Tonight will put that theory to the test. The Canadiens don’t have much of anything left to play for, and come in having lost six of their last seven. With Shea Weber, Carey Price and Max Pacioretty all out of the lineup with long-term injuries, the Habs are clearly in just-get-it-over-with mode down the stretch. Even the usual narrative about playing for next year’s jobs only goes so far, as we’re not even sure whether the current GM will still be around to make those roster calls. You could forgive Montreal fans if they were more interested in making little heart-eyes at John Tavares than in watching what’s left of this roster play out the string.

Meanwhile, the Leafs come into this one riding a franchise-record 11-game home winning streak. It’s been an impressive run, especially with most of it coming without Auston Matthews. But it hasn’t done much to change the standings, where Toronto remains locked into third place in the Atlantic. With 10 games left in the regular season after this one, the Leafs would probably prefer to fast-forward straight to the playoffs, if only to avoid any more injuries like the ones that have claimed Matthews, Frederik Andersen and most recently Leo Komarov.

So two teams, only one of which is any good, and neither with much of anything to play for. And yet… well, it’s still Toronto and Montreal. As eye-rolling as the premise may be, there really is something special about seeing the league’s oldest rivalry play out on a Saturday night. And with the way these things tend to go, would anyone be all that shocked to see a depleted Montreal roster arrive in town and pull off the upset, snapping the Leafs’ record-setting win streak in the process?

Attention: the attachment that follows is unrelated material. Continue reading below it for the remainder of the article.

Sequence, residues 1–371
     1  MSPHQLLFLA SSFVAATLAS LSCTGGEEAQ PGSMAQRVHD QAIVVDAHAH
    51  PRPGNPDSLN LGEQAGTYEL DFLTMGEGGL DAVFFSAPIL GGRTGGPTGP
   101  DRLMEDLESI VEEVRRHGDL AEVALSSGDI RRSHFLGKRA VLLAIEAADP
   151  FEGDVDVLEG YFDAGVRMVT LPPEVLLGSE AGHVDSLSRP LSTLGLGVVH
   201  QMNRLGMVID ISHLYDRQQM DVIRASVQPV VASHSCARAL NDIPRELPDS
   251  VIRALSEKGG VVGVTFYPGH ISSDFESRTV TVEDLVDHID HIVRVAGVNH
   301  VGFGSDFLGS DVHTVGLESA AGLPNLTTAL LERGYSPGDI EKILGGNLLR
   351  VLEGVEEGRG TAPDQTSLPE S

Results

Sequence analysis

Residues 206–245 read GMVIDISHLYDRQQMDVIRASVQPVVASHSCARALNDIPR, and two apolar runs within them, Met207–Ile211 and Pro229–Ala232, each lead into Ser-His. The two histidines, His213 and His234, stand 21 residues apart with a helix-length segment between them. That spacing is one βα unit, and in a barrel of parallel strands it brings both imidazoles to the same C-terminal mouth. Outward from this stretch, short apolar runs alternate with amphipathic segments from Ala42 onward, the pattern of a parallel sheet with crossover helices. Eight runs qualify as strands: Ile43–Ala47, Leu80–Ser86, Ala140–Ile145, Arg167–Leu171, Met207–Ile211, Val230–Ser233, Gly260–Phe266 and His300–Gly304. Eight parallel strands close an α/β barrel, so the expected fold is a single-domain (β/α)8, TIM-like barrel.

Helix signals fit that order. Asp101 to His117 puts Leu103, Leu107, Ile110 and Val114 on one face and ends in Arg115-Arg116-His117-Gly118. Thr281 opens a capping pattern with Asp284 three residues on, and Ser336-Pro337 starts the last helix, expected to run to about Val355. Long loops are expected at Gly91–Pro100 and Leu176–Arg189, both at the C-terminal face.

If you’ve followed this rivalry over the years, you know to expect the unexpected by now. At the very least, Toronto fans may want to keep the victory songs to themselves until the final buzzer.

>> Read the full post at Sportsnet

Friday, March 16, 2018

Grab Bag: Ten Commandments of Replay Review

In the Friday Grab Bag:
- In an important message for hockey fans of the future, I spell out the Ten Commandments of Adding More Replay Review
- The mysterious injury problem that's sweeping the league, just like it does every year
- An obscure player who snapped the longest goal-scoring drought ever
- The week's three comedy stars are homer-ific
- And a YouTube breakdown of the big brawl from the St. Patrick's Day Massacre. No, the other one.

>> Read the full post at Vice Sports

Tuesday, March 13, 2018

Podcast: Ovechkin's 600th

In this week's episode of Biscuits, the Vice Sports hockey podcast:
- Alexander Ovechkin gets his 600th; where does he rank all-time?
- Why are we surprised that Carolina fired Ron Francis?